Virtual Clinical Trials: Understanding the Basics

May 20, 2019Blog, Solutions

Bringing the Study to the Patient

One of the biggest challenges that contract research organizations (CROs) face is the recruitment and enrollment of patients. It is estimated that nearly 80 percent of clinical trials fail to even meet the initial patient targets required by studies. Additionally, research shows that a 30 percent dropout rate exists for clinical trial participants, and one in every five trials ends prematurely due to an insufficient number of trial participants. One thing is clear: the system for supporting clinical trial patients needs to improve.

Many CROs have started to adopt virtual clinical trials as a way to solve the problems outlined above. So, rather than centering a study around a physical clinical research facility, virtual clinical research facilities are established that effectively bring the clinical studies directly to the patients. This approach minimizes or, in some cases, eliminates the need for patients to regularly travel to a physical clinical site, while also simplifying the collection of patient data. That slight modification in delivery model also opens the prospective market for patient recruitment up significantly – no longer are CROs restricted to recruiting within a proximity to a physical clinical site.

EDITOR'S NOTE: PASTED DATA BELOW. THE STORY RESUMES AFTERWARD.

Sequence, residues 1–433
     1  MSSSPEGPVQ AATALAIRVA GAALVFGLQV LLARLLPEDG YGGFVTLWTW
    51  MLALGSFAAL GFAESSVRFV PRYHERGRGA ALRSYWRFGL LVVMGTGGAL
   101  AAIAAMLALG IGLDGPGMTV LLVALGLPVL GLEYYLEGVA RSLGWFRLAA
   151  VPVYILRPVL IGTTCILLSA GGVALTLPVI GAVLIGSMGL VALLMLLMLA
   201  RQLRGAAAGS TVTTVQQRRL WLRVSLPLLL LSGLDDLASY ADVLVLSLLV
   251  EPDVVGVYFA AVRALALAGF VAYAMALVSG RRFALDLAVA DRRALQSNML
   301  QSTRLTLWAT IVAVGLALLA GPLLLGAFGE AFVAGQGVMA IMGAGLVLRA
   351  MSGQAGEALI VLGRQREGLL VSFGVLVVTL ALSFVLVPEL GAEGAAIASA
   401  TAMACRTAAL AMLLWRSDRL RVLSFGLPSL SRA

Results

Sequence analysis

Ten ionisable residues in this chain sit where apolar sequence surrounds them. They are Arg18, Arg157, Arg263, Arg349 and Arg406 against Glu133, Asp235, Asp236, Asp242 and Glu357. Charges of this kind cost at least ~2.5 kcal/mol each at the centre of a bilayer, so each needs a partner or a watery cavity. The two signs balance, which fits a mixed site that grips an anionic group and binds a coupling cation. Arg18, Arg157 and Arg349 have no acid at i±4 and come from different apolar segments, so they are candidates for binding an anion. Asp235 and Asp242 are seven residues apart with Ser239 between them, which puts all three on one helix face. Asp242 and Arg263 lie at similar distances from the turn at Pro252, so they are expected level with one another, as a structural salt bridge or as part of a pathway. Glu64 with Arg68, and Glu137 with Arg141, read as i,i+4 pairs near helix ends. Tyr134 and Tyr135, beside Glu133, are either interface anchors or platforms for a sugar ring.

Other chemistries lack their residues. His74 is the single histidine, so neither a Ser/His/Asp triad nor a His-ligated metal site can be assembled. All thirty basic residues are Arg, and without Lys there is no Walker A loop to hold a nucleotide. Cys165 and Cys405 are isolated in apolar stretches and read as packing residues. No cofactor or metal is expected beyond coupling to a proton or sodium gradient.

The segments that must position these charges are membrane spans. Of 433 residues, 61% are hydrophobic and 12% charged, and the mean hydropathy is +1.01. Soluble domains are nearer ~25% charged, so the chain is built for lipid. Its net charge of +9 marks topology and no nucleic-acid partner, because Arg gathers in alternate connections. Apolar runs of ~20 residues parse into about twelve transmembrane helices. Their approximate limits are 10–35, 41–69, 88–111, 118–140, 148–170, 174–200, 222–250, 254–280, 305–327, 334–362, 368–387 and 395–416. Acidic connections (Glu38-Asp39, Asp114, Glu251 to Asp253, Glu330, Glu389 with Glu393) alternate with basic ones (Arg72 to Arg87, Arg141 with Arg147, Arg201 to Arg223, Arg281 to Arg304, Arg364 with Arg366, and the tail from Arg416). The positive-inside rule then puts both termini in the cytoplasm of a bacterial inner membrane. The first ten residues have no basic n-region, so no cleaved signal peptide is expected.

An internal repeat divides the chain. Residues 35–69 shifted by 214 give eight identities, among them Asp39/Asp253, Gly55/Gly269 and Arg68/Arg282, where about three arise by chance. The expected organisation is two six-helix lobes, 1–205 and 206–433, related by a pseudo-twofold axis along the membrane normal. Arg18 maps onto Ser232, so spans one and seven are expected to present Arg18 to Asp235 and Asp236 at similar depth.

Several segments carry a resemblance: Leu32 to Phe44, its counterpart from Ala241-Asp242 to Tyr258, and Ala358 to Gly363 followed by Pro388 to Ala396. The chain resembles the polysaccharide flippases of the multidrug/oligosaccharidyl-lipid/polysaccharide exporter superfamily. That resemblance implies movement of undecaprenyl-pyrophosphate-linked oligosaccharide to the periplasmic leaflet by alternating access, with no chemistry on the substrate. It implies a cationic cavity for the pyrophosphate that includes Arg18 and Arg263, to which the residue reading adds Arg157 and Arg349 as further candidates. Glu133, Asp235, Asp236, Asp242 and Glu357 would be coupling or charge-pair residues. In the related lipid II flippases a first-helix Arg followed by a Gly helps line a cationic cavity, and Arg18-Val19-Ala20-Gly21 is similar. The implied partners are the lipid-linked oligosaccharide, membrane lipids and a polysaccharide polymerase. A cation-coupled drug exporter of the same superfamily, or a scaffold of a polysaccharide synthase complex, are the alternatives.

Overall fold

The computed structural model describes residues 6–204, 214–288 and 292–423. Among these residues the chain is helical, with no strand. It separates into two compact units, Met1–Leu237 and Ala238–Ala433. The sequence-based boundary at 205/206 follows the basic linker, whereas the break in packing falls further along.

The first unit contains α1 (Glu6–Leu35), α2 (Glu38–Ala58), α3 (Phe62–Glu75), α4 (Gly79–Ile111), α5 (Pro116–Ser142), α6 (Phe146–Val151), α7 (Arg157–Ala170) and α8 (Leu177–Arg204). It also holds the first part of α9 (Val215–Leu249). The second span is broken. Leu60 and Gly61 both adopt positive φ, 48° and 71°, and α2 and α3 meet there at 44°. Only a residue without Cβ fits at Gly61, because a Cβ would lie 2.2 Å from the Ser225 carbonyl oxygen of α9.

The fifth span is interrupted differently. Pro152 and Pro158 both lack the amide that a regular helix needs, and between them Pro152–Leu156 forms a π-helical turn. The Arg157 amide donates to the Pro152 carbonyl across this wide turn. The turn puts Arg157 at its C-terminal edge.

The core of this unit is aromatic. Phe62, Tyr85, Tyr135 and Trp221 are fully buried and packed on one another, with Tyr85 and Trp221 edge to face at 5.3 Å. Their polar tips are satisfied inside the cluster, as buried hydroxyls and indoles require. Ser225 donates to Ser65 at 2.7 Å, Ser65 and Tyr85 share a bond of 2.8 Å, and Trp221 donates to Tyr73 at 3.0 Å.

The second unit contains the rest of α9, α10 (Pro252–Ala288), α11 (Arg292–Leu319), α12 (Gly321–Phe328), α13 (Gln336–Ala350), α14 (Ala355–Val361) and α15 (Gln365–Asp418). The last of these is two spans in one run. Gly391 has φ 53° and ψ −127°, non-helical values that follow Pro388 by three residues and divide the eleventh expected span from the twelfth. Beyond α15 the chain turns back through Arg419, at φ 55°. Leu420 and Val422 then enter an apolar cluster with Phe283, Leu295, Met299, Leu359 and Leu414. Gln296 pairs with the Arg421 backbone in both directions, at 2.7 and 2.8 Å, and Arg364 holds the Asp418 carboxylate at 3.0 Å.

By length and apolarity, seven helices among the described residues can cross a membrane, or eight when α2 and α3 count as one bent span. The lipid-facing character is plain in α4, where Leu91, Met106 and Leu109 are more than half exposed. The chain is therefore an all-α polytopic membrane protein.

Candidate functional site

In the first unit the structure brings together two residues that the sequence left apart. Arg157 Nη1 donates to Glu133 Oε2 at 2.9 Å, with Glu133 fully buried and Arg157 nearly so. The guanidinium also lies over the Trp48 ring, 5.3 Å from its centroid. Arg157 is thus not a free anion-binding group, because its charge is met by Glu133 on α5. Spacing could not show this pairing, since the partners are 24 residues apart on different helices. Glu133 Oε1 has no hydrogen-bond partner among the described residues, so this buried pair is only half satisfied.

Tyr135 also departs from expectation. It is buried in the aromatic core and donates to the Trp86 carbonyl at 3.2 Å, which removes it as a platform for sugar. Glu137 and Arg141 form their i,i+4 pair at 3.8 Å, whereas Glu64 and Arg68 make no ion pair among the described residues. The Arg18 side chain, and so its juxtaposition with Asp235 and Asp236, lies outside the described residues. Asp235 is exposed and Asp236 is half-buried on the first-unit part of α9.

One in five clinical trials ends prematurely due to an insufficient number of trial participants

Under this model, and with the use of wireless technologies, patients receive a communication device (like a cellular phone or tablet) with the appropriate ePRO or eCOA software that is used to log study data, as well as any connected peripheral devices that might be relevant to the study (i.e. connected weight scale, blood glucose meter, pulse oximeter, etc…). These pre-configured technologies would be delivered directly to the patient, along with the study-related treatments.

The routing of real-time data is managed by the CRO, and its corresponding technology partners. Again, in many cases, the patient is able to perform to many of the requirements of the study from the comfort of his/her home. The obvious benefits of this model are improved patient recruitment and retention. As a secondary benefit, data quality has the potential to improve as study parameters become more patient-centric (i.e. increased frequency of data capture).

Virtual Clinical Trials: the non-exclusive future of clinical trials?

While virtual clinical trials will provide access to more data and uncover better intelligence for the development of pharmaceuticals, there will continue to be a need for the traditional model. However, in either case, wireless technologies are providing the hub to gather and access this valuable data. Integron has a long history of supporting the technology deployments of many leading CROs around the world.

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